By February 12, 2021 0 387•
I’m reminded in these transitional times on so many levels to be thankful. A silver lining is not always what you think it is. There’s more to it than meets the eye.
Q&A WITH DESIGNER & STYLIST AARON POTTS
Via Zoom, I met with Detroit-born fashion designer Aaron Potts in his New York-based design studio. He wore an orange skullcap, a black A. Potts collection original tee and a smile that would light up any room. I asked him about his roots in fashion, his family and where it all began.
A graduate of Parsons School of Design in Manhattan, a division of the New School, Potts has interned with Marc Jacobs for Perry Ellis and with Donna Karan at DKNY. He has designed for Victoria’s Secret, Anne Klein, Badgley Mischka, Tamara Mellon, KaufmanFranco and Escada (in Munich, Germany). He has dressed a host of celebrities, including Michelle Obama, Naomi Campbell, the Williams sisters, Jennifer Lopez and Carrie Underwood.
Potts spoke about his supportive family and about his art teacher, Oni Akilah, at Renaissance High School, describing her as his guardian angel. She researched Parsons, helped him develop his portfolio and put together all the requirements needed for entry into that school, encouraging him to pursue his dream of becoming a fashion designer. He admits he was glad he got accepted. Parsons was the only school to which he had applied.
LM: What references have you drawn on when creating your design aesthetic?
AP: As I matured being in fashion school and working for a lot of 7th Ave companies, you’re always given the same references: Audrey Hepburn, Jane Birkin, Angelica Houston, and Catherine Deneuve and I got tired of that. I started looking at the stuff I wanted to look at that is rooted in Black history, the Black experience, and Black creativity. I look a lot at native dress, whether it’s Native American, or indigenous people from other parts of the world. Because I think that there is such a purity and beauty in a lot of what they do; and lot of what they do is about practicality but it is also about beauty.
LM: Take me through the journey of how the A. Potts collection evolved to what you describe as the gender-neutral silhouette?
AP: The gender-neutral thing is very important to me, because I believe in making beautiful shapes and beautiful pieces that people can identify with.
There are two things I look at. I thought a lot about how I wanted to create something that people of all sizes could wear and if someone gains 10 pounds or someone loses 10 pounds you don’t have to throw away your wardrobe because you have these pieces that look great and have a little grace in the fit.
The other thing is I look at is clothes as sculpture and how you create these shapes around the body that form these beautiful silhouettes. No matter what angle you’re looking at them from. The silhouettes with volume or I like to call them silhouettes that have air in them look like sculpture. They look elegant and chic and can be made in the simplest of fabrics. But the volume, the cut and the drape add a level of sophistication.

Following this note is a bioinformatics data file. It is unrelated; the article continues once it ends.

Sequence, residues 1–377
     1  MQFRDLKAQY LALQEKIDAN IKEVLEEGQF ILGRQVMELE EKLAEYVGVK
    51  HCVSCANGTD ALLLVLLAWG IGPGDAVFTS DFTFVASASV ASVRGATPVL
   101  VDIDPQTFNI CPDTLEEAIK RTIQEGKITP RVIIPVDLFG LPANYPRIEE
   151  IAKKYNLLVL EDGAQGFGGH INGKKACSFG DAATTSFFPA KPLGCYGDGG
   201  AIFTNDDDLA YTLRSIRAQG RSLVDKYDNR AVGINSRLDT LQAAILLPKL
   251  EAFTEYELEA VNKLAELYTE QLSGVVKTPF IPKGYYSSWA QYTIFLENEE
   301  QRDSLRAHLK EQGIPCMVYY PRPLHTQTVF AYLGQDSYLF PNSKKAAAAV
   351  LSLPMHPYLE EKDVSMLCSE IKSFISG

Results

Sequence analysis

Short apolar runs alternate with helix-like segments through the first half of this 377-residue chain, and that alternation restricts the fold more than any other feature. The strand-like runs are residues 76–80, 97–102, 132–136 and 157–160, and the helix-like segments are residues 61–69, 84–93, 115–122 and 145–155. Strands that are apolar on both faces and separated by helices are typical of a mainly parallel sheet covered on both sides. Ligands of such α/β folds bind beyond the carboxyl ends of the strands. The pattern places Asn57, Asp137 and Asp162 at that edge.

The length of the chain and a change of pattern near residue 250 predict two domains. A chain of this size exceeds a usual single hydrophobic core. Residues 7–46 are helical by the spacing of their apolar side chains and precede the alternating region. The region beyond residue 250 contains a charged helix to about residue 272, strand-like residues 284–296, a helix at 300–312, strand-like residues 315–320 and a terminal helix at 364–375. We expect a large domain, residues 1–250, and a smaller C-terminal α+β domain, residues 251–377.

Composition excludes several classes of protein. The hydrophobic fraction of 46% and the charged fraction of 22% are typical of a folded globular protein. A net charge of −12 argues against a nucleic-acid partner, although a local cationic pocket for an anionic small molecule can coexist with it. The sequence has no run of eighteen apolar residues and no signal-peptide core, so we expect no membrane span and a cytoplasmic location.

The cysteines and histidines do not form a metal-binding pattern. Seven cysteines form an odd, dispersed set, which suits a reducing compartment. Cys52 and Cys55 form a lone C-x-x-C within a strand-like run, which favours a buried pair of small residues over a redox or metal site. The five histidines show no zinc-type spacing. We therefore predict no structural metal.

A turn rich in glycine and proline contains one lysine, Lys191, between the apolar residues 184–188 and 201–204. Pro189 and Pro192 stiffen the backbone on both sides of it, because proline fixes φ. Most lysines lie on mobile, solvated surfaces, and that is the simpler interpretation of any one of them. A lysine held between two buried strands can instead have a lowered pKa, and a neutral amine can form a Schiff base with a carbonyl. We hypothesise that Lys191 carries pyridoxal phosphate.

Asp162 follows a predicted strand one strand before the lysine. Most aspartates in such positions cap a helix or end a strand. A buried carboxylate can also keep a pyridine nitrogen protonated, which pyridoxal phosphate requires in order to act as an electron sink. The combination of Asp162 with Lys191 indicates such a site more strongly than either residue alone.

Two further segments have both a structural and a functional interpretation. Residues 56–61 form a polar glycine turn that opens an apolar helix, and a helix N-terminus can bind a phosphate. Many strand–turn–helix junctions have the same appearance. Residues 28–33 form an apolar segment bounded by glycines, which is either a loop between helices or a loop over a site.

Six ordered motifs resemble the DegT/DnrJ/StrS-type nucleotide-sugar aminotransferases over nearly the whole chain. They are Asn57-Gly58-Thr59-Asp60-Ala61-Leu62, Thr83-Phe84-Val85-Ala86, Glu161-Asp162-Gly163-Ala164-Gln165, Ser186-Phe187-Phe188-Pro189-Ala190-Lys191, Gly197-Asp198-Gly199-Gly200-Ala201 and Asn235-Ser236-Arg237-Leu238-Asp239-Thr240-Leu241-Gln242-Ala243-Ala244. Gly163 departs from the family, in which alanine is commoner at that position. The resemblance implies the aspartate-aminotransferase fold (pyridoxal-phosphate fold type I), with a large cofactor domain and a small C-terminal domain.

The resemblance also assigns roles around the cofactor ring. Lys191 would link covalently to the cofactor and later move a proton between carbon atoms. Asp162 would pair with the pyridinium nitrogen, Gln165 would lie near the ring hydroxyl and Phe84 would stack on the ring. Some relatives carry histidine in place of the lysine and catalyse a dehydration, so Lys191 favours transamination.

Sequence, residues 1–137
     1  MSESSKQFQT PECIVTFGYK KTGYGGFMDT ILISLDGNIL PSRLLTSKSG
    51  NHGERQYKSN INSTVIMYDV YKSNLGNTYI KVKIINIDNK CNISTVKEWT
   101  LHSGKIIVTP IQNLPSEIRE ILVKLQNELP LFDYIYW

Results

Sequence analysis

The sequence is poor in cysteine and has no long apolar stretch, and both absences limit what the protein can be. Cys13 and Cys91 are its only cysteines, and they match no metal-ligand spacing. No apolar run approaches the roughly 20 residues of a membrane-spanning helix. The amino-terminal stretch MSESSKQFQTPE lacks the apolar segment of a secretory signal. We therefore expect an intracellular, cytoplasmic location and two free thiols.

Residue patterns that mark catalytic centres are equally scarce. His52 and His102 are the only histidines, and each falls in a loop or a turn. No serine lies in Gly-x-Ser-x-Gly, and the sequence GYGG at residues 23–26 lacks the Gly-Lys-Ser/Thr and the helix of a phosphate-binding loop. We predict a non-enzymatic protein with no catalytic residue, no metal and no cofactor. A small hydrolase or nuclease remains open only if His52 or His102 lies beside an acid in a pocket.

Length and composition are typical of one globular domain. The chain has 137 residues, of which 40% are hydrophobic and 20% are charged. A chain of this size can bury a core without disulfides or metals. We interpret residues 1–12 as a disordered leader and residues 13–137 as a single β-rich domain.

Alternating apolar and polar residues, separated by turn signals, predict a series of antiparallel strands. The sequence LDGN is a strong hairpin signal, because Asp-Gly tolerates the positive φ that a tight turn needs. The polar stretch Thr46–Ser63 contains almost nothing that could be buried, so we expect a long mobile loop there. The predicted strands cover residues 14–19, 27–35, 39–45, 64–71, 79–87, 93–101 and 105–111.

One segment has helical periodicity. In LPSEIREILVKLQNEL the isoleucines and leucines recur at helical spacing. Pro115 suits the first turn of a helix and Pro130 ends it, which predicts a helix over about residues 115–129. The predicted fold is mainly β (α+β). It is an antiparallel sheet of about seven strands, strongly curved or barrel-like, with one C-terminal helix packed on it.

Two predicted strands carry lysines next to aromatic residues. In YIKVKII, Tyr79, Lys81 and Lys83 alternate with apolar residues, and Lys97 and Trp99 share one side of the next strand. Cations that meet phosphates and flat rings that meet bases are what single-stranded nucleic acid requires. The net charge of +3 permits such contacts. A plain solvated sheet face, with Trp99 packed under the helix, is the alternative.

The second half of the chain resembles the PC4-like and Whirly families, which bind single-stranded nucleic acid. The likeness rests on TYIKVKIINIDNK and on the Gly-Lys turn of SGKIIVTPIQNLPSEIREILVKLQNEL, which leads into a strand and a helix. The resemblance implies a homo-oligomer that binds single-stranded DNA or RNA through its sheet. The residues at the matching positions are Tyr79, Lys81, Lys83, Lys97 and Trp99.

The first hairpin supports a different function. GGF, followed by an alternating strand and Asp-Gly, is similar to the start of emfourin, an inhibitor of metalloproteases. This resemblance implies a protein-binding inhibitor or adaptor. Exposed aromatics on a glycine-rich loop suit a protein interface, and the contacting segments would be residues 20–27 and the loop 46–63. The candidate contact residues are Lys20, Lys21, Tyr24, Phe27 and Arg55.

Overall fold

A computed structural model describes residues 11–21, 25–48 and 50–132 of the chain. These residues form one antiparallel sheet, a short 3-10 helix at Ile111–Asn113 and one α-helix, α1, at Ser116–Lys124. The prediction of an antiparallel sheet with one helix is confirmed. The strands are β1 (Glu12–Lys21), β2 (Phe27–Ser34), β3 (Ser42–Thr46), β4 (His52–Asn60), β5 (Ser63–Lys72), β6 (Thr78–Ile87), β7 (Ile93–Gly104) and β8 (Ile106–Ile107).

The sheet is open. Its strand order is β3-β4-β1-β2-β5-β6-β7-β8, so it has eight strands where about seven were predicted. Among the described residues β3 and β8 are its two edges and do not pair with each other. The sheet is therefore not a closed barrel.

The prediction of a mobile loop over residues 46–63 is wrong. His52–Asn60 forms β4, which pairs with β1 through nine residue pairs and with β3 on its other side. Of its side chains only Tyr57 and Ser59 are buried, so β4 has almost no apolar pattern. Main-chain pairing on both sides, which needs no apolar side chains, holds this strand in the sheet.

LM: How do you see yourself being elevated in this time with some of the most powerful, publicly visible Black women in the world like Michelle Obama and Vice President Kamala Harris wearing and endorsing Black designers?
AP: One of the things that I have realized is that for me as a fashion designer, I love fashion but that’s not my driving force. My driving force is connection with people, and I use fashion as a tool to do that. When I look at Kamala when I saw her being escorted down the stairs of the capital that morning, I saw my aunts and my mother, my best friends and I thought about how brilliant and beautiful and hardworking and ingenious and inventive they all are.
LM: Aaron Potts you’ve had a dynamic ride in the industry. What’s next?
AP: The biggest thing I’m getting ready for is the AW 2021 collection being shot and I’m so excited. We’re also showing at NYFW on February 15, 2021. I’m not showing live. I’m showing a film and look book. We’re doing something a little unconventional, pulling in a mix of different artistic expressions. We’re also getting ready to launch our e-commerce to sell the A. Potts collection online. I want A. Potts to be something that helps people go deeper inside themselves and find themselves and use the clothes as a reflection of who they find.
Read the Full Article at www.georgetowner.com